Katy Thornthwaite is a music and secondary education double major from Black River, NY.
Our first weekend in Guatemala started bright and early with our van leaving Semilla at 6:00 am. After about an hour and a half in the car, we arrived in Tecpan for breakfast at a local restaurant. Our breakfast options were pancakes, waffles, or a traditional Guatemalan breakfast of eggs, beans, and fried plantains. After filling up on food and coffee, we were on the road again.
Our first stop of the day was at Iximche, Mayan ruins of the Kaqchikel people. Our tour guide, Myra, told us about the history of the city, the families that lived there, and what their life was like. There were four different plazas, one for each family, and each plaza contained temples for the Sun, the Moon, the spiritual leaders, houses for the family, and a ball court. As we walked through each plaza, we were able to see how Mayan spirituality influenced the architecture. For example, the stairs into the ball court were small not because the Kaqchikel people had small feet, but because they walked up the stairs diagonally to pay reverence to the Sun God.
After our time at Iximche, we piled back into the van and drove to Panajachel, a town on the edge of Lake Atitlan. We then climbed into a boat and took at 20 minute boat ride across the lake to Santiago, where we would be staying for the night. We traveled by pick-up truck from the lake to ANADESA, a cooperative of Tz’utujil women that worked to provide education to the local children and a place to sell their beaded products for a fair price. After lunch, we went next door to the Peace Park, which was the site of a massacre on December 2, 1990 of the Tz’utujil people. The park had monuments for each person who was killed and a copy of the edict that banned the Guatemalan Army from entering the town of Santiago, which is still in place today. We then met in one of the classrooms and had the opportunity to learn more about the Tz’utujil culture. We got to see what their kitchen tools looked like in the past versus today and what the main differences are. We also learned how to make tortillas and got to try our hand at removing the corn kernels and using the grinding stone to make the dough. Lastly, we learned about the traditional dress of the men and women of the Tz’utujil. Two of our group members, Nakiyah and Isaac, got to try on the outfits.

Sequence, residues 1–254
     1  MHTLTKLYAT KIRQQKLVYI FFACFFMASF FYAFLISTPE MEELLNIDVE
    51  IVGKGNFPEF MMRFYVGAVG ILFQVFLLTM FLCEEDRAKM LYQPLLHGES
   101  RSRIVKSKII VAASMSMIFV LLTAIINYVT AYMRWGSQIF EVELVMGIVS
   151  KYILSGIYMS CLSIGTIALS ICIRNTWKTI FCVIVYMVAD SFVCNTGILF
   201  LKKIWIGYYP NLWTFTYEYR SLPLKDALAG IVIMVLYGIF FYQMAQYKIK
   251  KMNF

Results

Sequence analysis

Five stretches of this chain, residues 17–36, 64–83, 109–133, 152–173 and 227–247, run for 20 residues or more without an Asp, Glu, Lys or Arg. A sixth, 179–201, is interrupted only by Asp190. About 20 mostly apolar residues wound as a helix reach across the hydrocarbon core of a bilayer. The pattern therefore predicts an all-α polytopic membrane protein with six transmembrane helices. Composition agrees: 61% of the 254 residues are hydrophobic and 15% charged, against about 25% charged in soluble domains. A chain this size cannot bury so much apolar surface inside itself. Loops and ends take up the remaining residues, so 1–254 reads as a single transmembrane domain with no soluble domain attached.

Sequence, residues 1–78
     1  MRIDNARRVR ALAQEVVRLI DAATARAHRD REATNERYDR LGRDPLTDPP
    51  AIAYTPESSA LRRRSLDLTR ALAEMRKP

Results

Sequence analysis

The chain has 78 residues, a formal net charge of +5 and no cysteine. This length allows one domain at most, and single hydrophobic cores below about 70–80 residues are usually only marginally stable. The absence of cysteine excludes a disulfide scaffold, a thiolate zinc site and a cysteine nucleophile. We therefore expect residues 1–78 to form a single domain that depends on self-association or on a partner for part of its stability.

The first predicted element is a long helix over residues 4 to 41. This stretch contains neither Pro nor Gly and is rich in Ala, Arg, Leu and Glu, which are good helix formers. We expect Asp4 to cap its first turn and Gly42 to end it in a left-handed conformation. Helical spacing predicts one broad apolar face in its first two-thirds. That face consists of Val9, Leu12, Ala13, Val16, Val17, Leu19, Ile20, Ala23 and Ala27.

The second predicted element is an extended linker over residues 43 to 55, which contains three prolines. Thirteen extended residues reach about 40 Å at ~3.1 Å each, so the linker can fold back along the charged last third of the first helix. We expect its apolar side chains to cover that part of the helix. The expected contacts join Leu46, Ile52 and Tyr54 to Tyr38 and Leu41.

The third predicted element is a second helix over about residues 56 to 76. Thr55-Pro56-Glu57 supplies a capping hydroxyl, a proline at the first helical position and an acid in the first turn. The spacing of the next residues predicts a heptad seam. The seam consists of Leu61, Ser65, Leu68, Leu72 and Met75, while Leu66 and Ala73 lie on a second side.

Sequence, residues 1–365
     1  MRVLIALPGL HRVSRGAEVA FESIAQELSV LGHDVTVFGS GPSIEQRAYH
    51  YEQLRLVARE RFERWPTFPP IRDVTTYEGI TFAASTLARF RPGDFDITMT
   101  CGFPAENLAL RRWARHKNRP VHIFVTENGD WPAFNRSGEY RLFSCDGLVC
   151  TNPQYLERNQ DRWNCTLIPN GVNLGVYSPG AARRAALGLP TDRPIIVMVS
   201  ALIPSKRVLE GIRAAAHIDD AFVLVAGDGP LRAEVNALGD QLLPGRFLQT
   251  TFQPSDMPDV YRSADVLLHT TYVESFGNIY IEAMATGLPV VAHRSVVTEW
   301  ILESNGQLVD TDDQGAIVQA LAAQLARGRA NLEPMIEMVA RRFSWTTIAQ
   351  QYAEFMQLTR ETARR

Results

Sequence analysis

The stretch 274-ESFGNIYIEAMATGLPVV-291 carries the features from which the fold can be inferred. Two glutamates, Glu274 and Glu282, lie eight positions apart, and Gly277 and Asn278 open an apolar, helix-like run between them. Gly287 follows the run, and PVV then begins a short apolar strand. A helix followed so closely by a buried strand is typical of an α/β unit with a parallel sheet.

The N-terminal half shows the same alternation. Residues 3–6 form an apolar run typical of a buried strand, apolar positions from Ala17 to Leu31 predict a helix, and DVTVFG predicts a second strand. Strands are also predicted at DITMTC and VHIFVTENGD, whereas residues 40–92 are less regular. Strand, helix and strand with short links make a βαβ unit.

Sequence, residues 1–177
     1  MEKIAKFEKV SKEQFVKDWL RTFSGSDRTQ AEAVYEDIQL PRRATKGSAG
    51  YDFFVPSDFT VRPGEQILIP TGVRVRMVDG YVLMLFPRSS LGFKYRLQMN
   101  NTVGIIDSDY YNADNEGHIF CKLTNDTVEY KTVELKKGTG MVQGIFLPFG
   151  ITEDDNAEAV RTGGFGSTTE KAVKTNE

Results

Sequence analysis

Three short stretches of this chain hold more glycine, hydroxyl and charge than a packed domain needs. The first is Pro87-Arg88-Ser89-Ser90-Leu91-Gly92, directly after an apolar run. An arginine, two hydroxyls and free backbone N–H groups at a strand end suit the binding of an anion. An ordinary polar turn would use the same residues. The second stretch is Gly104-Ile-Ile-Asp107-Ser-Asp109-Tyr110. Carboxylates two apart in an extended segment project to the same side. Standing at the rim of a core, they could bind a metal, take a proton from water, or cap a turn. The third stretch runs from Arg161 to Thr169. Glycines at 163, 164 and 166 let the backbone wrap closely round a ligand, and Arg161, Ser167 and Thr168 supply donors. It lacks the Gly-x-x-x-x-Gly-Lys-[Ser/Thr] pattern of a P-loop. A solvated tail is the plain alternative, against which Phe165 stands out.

After the demonstration, we transitioned to host families for the evenings. We traveled by pick-up truck to a village and met with our host moms. Myself, Mariah, and Orsi stayed with a woman named Ana. Ana mostly spoke Tz’utujil, but she did speak a little Spanish. She fed us a delicious dinner of rice, beans, and fried cauliflower. Her brother, Diego, lived next door and came over to talk to us. We spoke to them about Guatemala, the United States, and our trip so far. Although our Spanish isn’t great, we were able to communicate fairly well using teamwork.
The next morning, Ana fed us a traditional Guatemalan breakfast before we departed to meet up with our group at the Catholic Church in the middle of the town. We then traveled by boat to San Juan, another town on Lake Atitlan. Once in San Juan, we toured different cooperatives to learn about the local products. We toured a bee farm and taste-tested their honey products. Then we had a weaving demonstration and had the chance to purchase their products. Next up was a medicinal plant shop that showed us all of the plants they grew and their different purposes. Lastly, we went to a chocolate shop that showed us the process of chocolate making from growing a cacao tree to the final product, which we got to taste test.
After a morning full of tours and shopping, we made our way back to the boat. After a tumultuous journey across Lake Atitlan, we returned to our van for the journey through the mountains and back to Semilla. Our weekend was filled with many opportunities to experience the Indigenous Mayan culture, both through learning demonstrations and home stays. Up next: learning about migration and human rights in Guatemala.